Soaring stock prices and improving job prospects have set Americans off on a spending splurge that is cutting into how much they sock away for retirement and rainy days.
U.S. household net worth has risen from $56 trillion in 2008 to $97 trillion in the third quarter of 2017. It is natural for people to spend a bit of their rising lifetime savings when asset values are increasing. Economists call that a "wealth effect."
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But when taken too far it can be a red flag that markets are getting overheated and households overextended. Previous busts -- in the mid-2000s and the late-1990s -- were preceded by periods of rising asset values and especially low saving.
The U.S. household saving rate dropped in December to its lowest level since the height of the 2000s housing boom, when many Americans were drawing on rising equity in their homes to spend on vacations, new cars, appliances and more.
This time they aren't feasting on debt as aggressively as they did back then, which should leave them less vulnerable should another downturn hit the economy. However, they have shifted decidedly away from a postcrisis rush to save for the future, which could leave them exposed if stocks or other assets take a sudden turn for the worse.
The saving rate was 2.4% of disposable household income in December, the Commerce Department said Monday. That was the lowest rate since September 2005, not long after then-Federal Reserve Chairman Alan Greenspan began warning about froth in housing markets.
The saving rate had risen to 6.6% when the recession ended in June 2009.
Clara Soh, a health-care consultant, said her investment property in Portland, Ore., has more than doubled in value since she bought it in 2009, and she is thinking about selling to reap the capital gain. Feeling confident, she recently took a ski vacation to Japan and bought a new van.
"I felt like I could afford to," Ms. Soh said.
Confident about their employment prospects and seeing their portfolio and property increase in value, consumers currently feel their "assets are doing the saving for them," said financial adviser Lawrence Glazer, managing partner at Mayflower Advisors LLC in Boston.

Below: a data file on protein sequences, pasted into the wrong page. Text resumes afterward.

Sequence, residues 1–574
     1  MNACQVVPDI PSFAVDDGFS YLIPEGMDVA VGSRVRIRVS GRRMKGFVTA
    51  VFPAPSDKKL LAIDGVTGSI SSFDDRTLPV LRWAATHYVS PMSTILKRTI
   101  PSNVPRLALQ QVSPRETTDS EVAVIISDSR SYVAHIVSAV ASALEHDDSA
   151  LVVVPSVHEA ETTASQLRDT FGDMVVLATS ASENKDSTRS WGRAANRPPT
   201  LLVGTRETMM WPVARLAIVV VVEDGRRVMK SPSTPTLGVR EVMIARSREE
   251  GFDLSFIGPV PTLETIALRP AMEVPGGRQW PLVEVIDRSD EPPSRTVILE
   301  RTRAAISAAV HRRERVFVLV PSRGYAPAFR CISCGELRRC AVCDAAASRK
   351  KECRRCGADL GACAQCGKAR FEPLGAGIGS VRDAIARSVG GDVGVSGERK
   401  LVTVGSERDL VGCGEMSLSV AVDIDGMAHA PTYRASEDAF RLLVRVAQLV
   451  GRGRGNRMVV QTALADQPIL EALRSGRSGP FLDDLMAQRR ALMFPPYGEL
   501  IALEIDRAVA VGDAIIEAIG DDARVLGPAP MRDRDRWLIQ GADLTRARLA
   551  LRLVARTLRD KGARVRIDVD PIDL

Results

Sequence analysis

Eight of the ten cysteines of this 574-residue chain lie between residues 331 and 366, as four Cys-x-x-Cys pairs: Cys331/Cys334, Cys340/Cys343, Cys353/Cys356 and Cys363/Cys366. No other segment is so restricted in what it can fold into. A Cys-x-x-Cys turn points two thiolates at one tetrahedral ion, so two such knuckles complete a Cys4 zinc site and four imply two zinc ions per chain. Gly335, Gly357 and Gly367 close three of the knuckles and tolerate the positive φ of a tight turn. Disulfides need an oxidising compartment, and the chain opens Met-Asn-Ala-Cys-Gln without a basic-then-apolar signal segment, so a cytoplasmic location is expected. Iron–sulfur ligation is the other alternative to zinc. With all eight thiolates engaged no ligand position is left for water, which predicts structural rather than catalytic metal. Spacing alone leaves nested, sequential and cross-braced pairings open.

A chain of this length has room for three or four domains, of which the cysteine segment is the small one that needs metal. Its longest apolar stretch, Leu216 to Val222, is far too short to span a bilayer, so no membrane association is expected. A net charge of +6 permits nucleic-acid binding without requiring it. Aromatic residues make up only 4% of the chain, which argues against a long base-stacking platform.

Investors are tapping into retirement accounts for expenses "out of overconfidence rather than desperation," he said, noting that "everybody and their brother is renovating their kitchen and bath right now."
Aaron Parrish, a senior financial adviser at Triad Financial Advisors Inc. in Greensboro, N.C., said one of his clients, a divorcee and retired therapist, gave $56,000 in total to her two daughters and their spouses last year. "She would not have felt comfortable doing that if we did not have such a good year in the market," he said.
Some economists say it is too soon to ring alarm bells. The saving rate may have been depressed in December by households deferring income to 2018 in anticipation of lower tax rates, and by spending in anticipation of a tax windfall this year.
Shifts in the saving rate due to tax changes have precedent. The rate tanked in January 2013, to 4.9% from 11% the month before, when a payroll tax break expired and ate into take-home earnings.
"If the saving rate is still down in the 2%'s by mid-2018, then you can begin to worry, but any anxiety over this now will almost certainly prove to be misplaced," said Stephen Stanley, chief economist of Amherst Pierpont Securities.
The spending spree, meanwhile, is adding fuel to the economy. Consumer spending expanded at a 3.8% annual rate in the fourth quarter, with big gains in cars. That helped overall economic output expand at a 2.6% rate, above the 2% trend that has prevailed since the early 2000s.
"More and more, people want to live now," said Sheila Padden, owner of Padden Financial Planning LLC in Chicago. "Nobody's going crazy; they might be taking a trip or considering a vacation home. It's not extreme spending."
Economists said income gains would be key to keeping household spending on a steady course and household finances from getting overextended. That means the economy will depend on steady hiring and could benefit if wages start rising.
Moreover, the $1.5 trillion tax cut passed by Congress and signed by President Donald Trump in December could help in the near term.
Some of that tax cut will go directly to households in the form of lower individual income-tax rates. Some of it will be passed on by companies enjoying lower corporate rates.
A list compiled by Americans for Tax Reform, a conservative advocacy group that favors lower taxes, said Monday that at least three million Americans are receiving bonuses in the wake of the tax changes, and 275 companies have announced wage and salary increases, bonuses, or 401(k) match increases directly related to the cuts.
The path of debt is another wild card. Household debt levels aren't much higher now than they were in the mid-2000s boom, even though wealth and incomes have risen. Household debt levels fell from $14.2 trillion in 2007 to $13.4 trillion in 2011 and then rose back to $15.1 trillion by the third quarter. Moreover, low interest rates have held down the cost of servicing that debt.
Still, some economists said the recent rise is another sign that households could be on a path toward overextending themselves.
"Debt is climbing and we're not paying adequate attention to what could happen when those kinds of things go south," said Jonathan Morduch, an economics professor at New York University.
Write to Harriet Torry at firstname.lastname@example.org
(END) Dow Jones Newswires
January 29, 2018 19:58 ET (00:58 GMT)
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